Nathaniel M. Glasser, M. Carter DeLorme, Ann Knuckles Mahoney, Eric I. Emanuelson, Jr., and Catherine Kang, attorneys in the Employment, Labor & Workforce Management Briefing, co-authored an article in the Employee Relations Law Journal, titled, “Maryland Legislature Overrides Veto to Enact Paid Family and Medical Leave Program.”

Following is an excerpt (see below to download the full version in PDF format):

The Maryland Legislature has voted to overrule Governor Larry Hogan’s veto and has enacted the Time to Care Act of 2022 (Senate Bill 275) (the “Act”), which establishes the Maryland Family and Medical Leave Insurance Program (the “Program”). The Act creates a right to paid family and medical leave benefits for up to 12 or 24 weeks, depending on the type of leave, beginning on January 1, 2025.

The Program marks Maryland as the 10th state (plus the District of Columbia) to enact a paid family and medical leave law. Not only will the Program offer paid leave benefits, it will expand the scope of who is eligible for leave benefits by covering certain employees who are ineligible for leave under the federal Family and Medical Leave Act (“FMLA”). Contributions to the Program, which will be funded by both employers and employees, will begin on October 1, 2023.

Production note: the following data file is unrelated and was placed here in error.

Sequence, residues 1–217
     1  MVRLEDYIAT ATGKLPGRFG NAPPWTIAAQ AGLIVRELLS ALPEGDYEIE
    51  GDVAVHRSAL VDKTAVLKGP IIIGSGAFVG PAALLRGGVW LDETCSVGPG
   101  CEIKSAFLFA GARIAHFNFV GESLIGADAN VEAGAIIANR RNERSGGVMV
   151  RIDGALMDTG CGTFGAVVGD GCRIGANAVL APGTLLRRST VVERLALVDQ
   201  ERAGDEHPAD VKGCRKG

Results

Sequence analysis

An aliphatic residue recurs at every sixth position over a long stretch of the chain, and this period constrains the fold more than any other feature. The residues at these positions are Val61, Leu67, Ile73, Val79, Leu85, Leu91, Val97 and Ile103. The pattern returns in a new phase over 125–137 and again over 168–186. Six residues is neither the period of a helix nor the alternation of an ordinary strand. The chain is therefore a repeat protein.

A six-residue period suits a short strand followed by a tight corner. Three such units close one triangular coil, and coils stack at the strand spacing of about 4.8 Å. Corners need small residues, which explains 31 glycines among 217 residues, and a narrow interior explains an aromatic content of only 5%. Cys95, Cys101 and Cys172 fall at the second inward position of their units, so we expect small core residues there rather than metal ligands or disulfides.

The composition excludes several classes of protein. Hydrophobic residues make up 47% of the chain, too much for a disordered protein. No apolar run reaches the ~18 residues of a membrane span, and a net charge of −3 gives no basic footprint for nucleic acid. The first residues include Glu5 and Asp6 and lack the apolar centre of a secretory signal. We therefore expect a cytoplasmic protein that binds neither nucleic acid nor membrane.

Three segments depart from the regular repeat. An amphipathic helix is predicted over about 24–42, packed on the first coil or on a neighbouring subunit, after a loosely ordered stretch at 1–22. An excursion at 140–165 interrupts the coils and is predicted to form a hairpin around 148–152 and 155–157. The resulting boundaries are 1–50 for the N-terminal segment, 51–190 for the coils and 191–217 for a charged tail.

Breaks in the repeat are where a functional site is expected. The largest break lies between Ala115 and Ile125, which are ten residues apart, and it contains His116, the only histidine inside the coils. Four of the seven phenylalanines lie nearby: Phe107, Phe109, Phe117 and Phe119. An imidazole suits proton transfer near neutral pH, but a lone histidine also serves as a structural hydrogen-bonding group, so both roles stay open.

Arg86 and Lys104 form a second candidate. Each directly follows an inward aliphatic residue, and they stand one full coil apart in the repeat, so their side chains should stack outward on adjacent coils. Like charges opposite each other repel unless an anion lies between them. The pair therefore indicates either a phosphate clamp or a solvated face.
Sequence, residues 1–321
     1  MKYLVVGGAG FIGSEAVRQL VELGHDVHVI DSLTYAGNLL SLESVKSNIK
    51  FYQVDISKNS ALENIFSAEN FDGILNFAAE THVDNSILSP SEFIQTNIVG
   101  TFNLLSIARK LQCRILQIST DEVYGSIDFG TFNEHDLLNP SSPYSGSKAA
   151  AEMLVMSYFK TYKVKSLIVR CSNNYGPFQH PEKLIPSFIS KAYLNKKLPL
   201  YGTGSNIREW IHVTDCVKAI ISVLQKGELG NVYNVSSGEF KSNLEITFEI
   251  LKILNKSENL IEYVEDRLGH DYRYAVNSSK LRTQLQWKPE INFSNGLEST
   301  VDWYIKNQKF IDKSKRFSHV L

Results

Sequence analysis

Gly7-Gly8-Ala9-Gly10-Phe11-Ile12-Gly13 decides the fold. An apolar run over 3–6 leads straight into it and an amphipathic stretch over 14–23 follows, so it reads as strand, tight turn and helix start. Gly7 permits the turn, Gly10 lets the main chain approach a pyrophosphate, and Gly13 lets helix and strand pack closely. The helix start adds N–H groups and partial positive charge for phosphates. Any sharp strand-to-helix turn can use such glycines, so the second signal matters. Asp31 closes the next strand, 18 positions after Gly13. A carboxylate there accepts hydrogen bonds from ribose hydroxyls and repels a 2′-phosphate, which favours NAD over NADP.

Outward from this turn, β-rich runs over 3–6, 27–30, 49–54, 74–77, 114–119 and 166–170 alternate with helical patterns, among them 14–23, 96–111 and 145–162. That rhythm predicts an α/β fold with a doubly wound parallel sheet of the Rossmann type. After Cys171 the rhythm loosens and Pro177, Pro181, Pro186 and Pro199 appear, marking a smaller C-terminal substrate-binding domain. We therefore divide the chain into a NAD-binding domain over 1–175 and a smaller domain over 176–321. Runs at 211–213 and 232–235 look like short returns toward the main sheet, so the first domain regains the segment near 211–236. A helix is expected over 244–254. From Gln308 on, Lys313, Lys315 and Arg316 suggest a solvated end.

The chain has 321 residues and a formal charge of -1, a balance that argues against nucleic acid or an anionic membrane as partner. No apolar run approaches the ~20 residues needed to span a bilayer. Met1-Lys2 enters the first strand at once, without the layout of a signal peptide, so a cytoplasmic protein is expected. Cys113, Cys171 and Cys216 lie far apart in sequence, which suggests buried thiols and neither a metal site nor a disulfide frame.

The Program provides paid leave for five different reasons:

  • To care for a newborn child or a child newly placed for adop­tion, foster care, or kinship care within the first year or the birth, adoption, or placement;
  • To care for a family member with a serious health condition;
  • To attend to the employee’s own serious health condition that prevents the employee from performing the functions of the employee’s position;
  • To care for a military servicemember with a serious health con­dition resulting from military service who is the employee’s next of kin; or
  • For a qualifying exigency due to the deployment of a family member for military service.

An employee is ordinarily entitled to a total of 12 weeks of job-pro­tected leave in any one-year period; however, an employee can receive an additional 12 weeks, for a total of up to 24 weeks in any one-year period, if the employee is eligible to take both parental leave and leave for the employee’s own serious health condition.

Leave may be taken all at once or intermittently, although an employee may not take intermittent leave in increments of less than four hours.

This article originally appeared as an Epstein Becker Green Insight in May 2022.

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